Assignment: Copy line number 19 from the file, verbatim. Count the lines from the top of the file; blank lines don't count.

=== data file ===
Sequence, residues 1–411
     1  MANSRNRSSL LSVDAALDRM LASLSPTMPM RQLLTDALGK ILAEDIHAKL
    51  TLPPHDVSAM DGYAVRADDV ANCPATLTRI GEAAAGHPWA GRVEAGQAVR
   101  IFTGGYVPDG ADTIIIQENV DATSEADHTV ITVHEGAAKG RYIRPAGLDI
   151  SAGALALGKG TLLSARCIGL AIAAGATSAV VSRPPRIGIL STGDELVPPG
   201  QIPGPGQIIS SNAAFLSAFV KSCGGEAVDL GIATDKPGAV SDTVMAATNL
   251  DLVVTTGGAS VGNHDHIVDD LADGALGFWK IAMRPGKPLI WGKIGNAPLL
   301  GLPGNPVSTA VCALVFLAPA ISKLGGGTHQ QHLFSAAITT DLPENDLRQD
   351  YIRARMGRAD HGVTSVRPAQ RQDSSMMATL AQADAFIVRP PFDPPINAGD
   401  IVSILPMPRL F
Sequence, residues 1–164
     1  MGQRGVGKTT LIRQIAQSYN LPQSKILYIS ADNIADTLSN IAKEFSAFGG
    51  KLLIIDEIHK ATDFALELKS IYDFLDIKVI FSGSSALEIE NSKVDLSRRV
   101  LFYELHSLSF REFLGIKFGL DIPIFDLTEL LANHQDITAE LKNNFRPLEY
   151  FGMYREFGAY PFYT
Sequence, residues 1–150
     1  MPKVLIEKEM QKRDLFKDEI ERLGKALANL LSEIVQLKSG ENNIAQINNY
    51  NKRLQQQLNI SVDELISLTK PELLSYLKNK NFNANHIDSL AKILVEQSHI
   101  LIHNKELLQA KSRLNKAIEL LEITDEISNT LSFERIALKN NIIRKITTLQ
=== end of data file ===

   101  LIHNKELLQA KSRLNKAIEL LEITDEISNT LSFERIALKN NIIRKITTLQ